Mesothelioma Survivor Praises Keytruda for Fresh Optimism

Stories from Survivors
Reading Time: 5 mins
Publication Date: 09/09/2016
Fact Checked
Our fact-checking process begins with a thorough review of all sources to ensure they are high quality. Then we cross-check the facts with original medical or scientific reports published by those sources, or we validate the facts with reputable news organizations, medical and scientific experts and other health experts. Each page includes all sources for full transparency.
Reviewed is the nation’s most trusted mesothelioma resource

The Mesothelioma Center at has provided patients and their loved ones the most updated and reliable information on mesothelioma and asbestos exposure since 2006.

Our team of Patient Advocates includes a medical doctor, a registered nurse, health services administrators, veterans, VA-accredited Claims Agents, an oncology patient navigator and hospice care expert. Their combined expertise means we help any mesothelioma patient or loved one through every step of their cancer journey.

More than 30 contributors, including mesothelioma doctors, survivors, health care professionals and other experts, have peer-reviewed our website and written unique research-driven articles to ensure you get the highest-quality medical and health information.

About The Mesothelioma Center at

  • Assisting mesothelioma patients and their loved ones since 2006.
  • Helps more than 50% of mesothelioma patients diagnosed annually in the U.S.
  • A+ rating from the Better Business Bureau.
  • 5-star reviewed mesothelioma and support organization.
Learn More About Us


"My family has only the highest compliment for the assistance and support that we received from The Mesothelioma Center. This is a staff of compassionate and knowledgeable individuals who respect what your family is experiencing and who go the extra mile to make an unfortunate diagnosis less stressful. Information and assistance were provided by The Mesothelioma Center at no cost to our family."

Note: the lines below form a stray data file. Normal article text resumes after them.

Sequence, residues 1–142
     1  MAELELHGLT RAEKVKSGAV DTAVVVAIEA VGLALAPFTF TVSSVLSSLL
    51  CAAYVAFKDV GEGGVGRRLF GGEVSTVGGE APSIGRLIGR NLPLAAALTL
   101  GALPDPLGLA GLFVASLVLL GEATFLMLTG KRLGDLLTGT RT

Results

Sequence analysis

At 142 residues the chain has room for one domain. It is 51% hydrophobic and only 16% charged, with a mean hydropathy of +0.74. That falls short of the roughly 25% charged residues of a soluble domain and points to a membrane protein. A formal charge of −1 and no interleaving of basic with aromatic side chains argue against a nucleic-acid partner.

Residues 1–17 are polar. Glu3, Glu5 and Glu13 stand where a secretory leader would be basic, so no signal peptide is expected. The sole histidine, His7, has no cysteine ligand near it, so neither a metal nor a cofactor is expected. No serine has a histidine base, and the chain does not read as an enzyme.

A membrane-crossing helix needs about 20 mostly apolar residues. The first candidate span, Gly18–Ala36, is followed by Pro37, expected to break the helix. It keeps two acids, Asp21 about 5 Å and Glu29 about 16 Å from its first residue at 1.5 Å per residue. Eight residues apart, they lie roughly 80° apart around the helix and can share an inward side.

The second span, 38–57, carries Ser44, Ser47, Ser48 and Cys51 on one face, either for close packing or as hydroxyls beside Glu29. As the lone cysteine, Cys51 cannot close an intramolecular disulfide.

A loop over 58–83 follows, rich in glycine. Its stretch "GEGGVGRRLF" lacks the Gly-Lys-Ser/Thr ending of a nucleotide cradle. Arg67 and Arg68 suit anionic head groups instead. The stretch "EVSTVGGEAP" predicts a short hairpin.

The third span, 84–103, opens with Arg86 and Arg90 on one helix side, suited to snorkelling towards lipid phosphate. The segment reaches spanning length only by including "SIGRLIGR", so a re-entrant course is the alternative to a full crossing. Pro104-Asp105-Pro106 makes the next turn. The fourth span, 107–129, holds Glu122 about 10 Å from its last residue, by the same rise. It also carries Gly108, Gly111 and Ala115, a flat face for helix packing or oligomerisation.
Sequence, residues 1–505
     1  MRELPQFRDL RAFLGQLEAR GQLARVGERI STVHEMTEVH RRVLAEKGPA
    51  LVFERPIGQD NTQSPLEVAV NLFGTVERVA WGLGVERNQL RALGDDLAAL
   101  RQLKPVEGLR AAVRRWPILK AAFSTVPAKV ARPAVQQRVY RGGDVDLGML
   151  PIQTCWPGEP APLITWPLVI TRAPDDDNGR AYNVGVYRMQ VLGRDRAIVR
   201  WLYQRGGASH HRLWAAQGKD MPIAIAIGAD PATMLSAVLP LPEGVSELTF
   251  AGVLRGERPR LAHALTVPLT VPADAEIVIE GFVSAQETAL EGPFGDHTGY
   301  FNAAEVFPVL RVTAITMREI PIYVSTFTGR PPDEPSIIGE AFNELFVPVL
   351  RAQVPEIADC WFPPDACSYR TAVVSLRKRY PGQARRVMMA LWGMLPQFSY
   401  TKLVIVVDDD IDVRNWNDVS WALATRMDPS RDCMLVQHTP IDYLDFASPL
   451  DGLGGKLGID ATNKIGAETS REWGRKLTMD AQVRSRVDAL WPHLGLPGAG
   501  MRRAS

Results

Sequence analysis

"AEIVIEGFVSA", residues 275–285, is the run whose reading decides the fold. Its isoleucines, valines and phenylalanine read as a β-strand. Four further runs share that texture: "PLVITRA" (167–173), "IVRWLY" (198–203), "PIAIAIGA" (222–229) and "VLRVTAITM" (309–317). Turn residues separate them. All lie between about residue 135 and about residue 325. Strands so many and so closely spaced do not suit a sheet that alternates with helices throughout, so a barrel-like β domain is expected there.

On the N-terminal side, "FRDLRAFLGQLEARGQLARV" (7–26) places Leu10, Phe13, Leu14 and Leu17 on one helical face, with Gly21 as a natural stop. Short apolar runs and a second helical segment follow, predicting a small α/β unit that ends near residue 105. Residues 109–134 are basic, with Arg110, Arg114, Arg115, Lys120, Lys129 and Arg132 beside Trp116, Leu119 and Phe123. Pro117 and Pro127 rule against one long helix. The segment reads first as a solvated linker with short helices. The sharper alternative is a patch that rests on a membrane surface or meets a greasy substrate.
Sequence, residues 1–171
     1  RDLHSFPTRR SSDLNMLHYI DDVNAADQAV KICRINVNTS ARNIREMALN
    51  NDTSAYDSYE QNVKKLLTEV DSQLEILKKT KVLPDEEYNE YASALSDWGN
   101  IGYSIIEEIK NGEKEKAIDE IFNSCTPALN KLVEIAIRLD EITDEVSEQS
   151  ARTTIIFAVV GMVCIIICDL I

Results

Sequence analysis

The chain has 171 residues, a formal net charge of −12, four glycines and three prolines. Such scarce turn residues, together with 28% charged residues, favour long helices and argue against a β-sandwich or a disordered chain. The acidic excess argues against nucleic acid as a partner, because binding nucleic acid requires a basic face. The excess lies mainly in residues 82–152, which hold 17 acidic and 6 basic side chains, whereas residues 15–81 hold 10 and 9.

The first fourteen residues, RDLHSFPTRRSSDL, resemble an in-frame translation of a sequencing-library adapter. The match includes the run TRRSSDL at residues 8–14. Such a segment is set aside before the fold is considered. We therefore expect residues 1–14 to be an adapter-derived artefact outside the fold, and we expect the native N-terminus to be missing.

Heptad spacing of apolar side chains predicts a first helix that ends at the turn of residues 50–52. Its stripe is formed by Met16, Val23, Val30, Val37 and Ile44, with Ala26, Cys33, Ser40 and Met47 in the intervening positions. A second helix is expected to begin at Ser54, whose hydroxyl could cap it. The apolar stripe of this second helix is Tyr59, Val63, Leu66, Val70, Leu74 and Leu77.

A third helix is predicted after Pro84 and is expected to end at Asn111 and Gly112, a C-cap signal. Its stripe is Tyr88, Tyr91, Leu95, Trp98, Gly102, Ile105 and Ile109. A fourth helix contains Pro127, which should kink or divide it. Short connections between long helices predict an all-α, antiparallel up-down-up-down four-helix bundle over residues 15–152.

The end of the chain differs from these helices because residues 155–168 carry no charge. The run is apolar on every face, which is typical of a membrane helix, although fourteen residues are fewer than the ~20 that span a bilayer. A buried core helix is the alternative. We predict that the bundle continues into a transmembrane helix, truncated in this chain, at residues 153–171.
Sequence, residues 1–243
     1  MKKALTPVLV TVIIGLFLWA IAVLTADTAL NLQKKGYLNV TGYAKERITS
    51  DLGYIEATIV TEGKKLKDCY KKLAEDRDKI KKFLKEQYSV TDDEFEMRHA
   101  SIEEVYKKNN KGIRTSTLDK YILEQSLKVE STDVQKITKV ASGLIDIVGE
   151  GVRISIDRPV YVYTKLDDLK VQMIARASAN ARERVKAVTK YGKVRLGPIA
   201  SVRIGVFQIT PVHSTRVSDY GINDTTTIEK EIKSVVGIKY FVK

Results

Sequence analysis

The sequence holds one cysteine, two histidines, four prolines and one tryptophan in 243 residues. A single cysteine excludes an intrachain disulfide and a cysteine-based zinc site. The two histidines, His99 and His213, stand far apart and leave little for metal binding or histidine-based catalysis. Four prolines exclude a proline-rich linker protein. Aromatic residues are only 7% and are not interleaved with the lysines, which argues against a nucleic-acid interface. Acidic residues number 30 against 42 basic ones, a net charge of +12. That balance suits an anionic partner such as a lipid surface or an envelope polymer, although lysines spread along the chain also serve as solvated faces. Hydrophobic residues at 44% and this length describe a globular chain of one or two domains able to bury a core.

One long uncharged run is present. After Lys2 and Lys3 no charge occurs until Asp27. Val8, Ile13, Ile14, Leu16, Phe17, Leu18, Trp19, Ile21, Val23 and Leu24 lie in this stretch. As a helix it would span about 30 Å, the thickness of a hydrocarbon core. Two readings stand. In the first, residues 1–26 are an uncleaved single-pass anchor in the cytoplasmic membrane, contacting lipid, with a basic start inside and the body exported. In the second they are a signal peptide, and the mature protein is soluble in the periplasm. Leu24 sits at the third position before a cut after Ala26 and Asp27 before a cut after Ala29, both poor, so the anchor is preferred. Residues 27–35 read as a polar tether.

Mesothelioma patient’s daughter
  • Google Review Rating
  • BBB Review Rating

How to Cite’s Article


Povtak, T. (2022, December 19). Mesothelioma Survivor Praises Keytruda for Fresh Optimism. Retrieved February 8, 2023, from


Povtak, Tim. "Mesothelioma Survivor Praises Keytruda for Fresh Optimism.", 19 Dec 2022,


Povtak, Tim. "Mesothelioma Survivor Praises Keytruda for Fresh Optimism." Last modified December 19, 2022.

Walter Merth and his wife Clara

Mesothelioma survivor Walter Merth brought 10 fishing poles and enough tackle to catch every bass in Black Lake, taking his unbridled optimism to the family’s late-summer vacation spot in upstate New York.

He is thriving again thanks to a successful immunotherapy drug.

Keytruda, also known by its generic name pembrolizumab and marketed by Merck & Co., stops new tumor growth and virtually eliminates existing malignancies.

“To say Keytruda is some magic bullet for mesothelioma is not true,” his son and fishing partner, Dave Merth, told “But in his case, it was the answer. He responded really well to it. Better than we ever imagined.”

Doctors diagnosed Walter Merth with pleural mesothelioma in April 2015. Sixteen months later, Merth was back on the boat, teaching three of his grandchildren about the joys of fishing and living life to the fullest.

“I’m getting stronger every day. It’s like getting my life back, like a restart, a reboot,” Walter Merth said. “This therapy has given me a new window. It may not save my life, but it’s certainly buying me some valuable time.”

Merth, 68, is a former U.S. Navy boilerman who spent much of his post-military years as a mechanic in the Philadelphia area, where he and Clara, his wife of 50 years, raised their two children.

He was stunned at the initial diagnosis of mesothelioma — a cancer caused by exposure to asbestos fibers. But he was lucky enough to live close to Penn Medicine’s Abramson Cancer Center and Dr. Evan Alley, whose early research with this new immunotherapy drug made him a believer.